Commodity trading strategies
Trends work in commodities just like they do in other markets, arising when a metal is constantly reaching higher highs or falling to lower lows.
Traders who want to take advantage of such market movements will use a trend-following commodity strategy. The goal is to profit from the body of a trend and exit the market before or shortly after the movement reverses.
Popular technical analysis tools for following trends include moving averages, MACD and Bollinger bands. All these indicators are designed to monitor a market’s momentum and identify changes that might provide entry and exit levels.
Learn more in the Technical analysis course.
So, for example, you might:
- Buy gold on a pullback, hold your position while the market rises, and sell it when momentum starts to slow
- Sell gold on breakout, hold your position while the market falls, and sell it when momentum starts to slow
It's important to remember that a trend won't last indefinitely – especially as commodity markets are so volatile – so you'll need a strict methodology for when you'll exit the trade and means of protecting yourself from risk, such as stop losses.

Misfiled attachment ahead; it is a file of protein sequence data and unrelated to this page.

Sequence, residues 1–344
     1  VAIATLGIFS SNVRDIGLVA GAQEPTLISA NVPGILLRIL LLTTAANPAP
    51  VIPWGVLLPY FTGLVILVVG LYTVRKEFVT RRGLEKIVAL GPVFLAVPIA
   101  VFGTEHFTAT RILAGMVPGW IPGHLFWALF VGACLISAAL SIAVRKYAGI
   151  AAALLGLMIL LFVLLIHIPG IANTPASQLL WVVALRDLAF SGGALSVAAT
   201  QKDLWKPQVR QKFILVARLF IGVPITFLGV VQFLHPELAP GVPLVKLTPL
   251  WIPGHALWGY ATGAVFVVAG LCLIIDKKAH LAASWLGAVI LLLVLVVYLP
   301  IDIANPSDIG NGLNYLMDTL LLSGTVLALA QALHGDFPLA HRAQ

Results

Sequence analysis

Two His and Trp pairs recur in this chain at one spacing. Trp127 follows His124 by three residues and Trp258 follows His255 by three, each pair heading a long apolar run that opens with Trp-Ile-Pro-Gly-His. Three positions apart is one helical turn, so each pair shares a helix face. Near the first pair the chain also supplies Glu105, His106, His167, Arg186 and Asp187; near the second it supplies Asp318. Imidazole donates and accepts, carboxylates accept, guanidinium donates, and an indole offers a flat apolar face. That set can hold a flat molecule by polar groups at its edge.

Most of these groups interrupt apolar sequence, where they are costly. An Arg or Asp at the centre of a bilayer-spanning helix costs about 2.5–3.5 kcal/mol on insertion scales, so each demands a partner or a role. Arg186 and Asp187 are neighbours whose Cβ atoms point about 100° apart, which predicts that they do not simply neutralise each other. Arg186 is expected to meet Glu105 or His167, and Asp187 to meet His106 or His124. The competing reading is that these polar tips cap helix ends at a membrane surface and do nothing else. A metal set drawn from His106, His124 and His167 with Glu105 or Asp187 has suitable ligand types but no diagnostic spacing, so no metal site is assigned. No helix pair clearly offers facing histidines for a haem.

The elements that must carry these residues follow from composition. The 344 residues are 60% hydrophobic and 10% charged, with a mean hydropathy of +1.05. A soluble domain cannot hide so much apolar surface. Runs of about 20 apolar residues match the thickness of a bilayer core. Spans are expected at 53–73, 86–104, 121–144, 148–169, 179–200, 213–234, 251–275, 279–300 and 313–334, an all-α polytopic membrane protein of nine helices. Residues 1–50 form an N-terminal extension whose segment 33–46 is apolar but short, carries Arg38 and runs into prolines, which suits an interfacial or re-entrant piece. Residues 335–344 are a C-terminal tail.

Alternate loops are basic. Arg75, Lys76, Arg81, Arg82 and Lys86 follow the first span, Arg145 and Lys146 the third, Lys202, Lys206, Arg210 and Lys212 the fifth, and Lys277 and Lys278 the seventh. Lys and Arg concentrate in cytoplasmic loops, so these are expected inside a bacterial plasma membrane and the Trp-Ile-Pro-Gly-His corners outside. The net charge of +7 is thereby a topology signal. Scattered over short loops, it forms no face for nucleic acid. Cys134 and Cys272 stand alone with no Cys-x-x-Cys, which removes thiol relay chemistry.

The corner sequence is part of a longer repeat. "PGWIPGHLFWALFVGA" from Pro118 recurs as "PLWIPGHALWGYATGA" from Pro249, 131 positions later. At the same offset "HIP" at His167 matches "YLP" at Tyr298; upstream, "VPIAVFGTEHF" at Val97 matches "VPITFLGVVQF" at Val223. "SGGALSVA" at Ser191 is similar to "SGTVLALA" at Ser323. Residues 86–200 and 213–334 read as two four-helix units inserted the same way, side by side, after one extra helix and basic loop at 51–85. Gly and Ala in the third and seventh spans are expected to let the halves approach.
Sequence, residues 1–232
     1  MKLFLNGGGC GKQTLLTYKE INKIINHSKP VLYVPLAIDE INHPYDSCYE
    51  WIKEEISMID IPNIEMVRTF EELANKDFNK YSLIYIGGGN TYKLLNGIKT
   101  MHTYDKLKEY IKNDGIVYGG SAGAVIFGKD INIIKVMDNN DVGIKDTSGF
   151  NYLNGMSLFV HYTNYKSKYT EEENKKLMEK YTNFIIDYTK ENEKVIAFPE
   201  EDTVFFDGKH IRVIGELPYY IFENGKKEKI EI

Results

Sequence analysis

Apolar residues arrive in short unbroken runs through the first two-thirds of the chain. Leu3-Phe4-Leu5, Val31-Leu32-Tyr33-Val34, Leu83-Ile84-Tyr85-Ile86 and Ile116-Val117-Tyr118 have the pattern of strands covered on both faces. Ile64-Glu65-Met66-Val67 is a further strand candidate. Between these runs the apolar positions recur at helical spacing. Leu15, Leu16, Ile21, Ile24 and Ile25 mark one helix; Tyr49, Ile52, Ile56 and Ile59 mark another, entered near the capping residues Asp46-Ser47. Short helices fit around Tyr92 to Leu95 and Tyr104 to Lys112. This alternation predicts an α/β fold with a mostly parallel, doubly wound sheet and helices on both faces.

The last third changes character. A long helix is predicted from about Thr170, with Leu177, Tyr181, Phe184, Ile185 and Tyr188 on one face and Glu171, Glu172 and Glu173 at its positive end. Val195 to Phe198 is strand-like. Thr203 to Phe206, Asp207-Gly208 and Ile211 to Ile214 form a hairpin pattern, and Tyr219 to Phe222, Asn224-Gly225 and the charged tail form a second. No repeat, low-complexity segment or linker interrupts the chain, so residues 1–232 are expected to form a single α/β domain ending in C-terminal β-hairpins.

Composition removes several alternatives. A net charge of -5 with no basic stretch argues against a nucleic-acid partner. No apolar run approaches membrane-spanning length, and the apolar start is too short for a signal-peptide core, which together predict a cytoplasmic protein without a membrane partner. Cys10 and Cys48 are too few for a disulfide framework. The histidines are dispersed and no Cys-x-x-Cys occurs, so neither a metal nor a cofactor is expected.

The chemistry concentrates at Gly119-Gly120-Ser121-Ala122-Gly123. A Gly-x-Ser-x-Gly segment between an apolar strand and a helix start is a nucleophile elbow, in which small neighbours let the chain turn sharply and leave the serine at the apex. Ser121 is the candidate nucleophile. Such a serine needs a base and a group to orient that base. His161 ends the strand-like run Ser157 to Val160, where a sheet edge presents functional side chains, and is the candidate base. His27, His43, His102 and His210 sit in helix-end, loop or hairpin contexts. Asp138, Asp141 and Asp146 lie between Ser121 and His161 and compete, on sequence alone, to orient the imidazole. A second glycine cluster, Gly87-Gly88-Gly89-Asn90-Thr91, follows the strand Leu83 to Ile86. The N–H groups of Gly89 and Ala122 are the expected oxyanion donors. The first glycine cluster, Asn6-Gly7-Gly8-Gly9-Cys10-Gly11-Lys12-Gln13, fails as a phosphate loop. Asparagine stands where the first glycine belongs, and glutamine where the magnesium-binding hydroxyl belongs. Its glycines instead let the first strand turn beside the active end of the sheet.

Range trading strategies seek to take advantage of a commodity that is currently in a period of consolidation. A market which remains within support and resistance lines rather than reaching new highs or lows.
The key to a successful range trading strategy is to be able to identify when a commodity is in overbought or oversold territory.
Popular range trading indicators include the Commodity Channel Index (CCI), the relative strength index, stochastics, and the momentum indicator. These indicators can be used to confirm overbought and oversold signals, which are likely to provide an idea of support and resistance areas.
It’s important to remember that a market can remain in overbought and oversold territories for long periods of time, so you should use other technical indicators and fundamental analysis to confirm any moves.
Breakout trading is a common strategy to take advantage of shorter-term commodity movements. It involves entering a position just before the market moves substantially higher or lower. Unlike a trend-following strategy, you’d only be looking to trade the initial market movement, rather than the body of a trend.
The danger of breakout trading commodities is false breakouts (‘fakeouts’). Commodities are notoriously volatile, which means support and resistance levels can sometimes be breached without a sustained move following it. False breakouts occur when the buying or selling pressure becomes exhausted quickly, and so the market reverses just as quickly as it broke out.